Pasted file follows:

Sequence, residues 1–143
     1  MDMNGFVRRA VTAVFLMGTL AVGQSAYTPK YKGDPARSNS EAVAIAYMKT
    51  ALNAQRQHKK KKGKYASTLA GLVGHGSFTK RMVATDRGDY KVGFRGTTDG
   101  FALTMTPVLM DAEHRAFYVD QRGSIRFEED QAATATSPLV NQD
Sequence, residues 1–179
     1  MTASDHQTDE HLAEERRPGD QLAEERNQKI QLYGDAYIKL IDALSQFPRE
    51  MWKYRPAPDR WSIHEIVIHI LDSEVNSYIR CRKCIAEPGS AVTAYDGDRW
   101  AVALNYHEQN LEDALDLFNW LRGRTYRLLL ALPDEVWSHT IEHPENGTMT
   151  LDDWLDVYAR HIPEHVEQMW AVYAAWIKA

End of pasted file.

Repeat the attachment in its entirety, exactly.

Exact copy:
Sequence, residues 1–143
     1  MDMNGFVRRA VTAVFLMGTL AVGQSAYTPK YKGDPARSNS EAVAIAYMKT
    51  ALNAQRQHKK KKGKYASTLA GLVGHGSFTK RMVATDRGDY KVGFRGTTDG
   101  FALTMTPVLM DAEHRAFYVD QRGSIRFEED QAATATSPLV NQD
Sequence, residues 1–179
     1  MTASDHQTDE HLAEERRPGD QLAEERNQKI QLYGDAYIKL IDALSQFPRE
    51  MWKYRPAPDR WSIHEIVIHI LDSEVNSYIR CRKCIAEPGS AVTAYDGDRW
   101  AVALNYHEQN LEDALDLFNW LRGRTYRLLL ALPDEVWSHT IEHPENGTMT
   151  LDDWLDVYAR HIPEHVEQMW AVYAAWIKA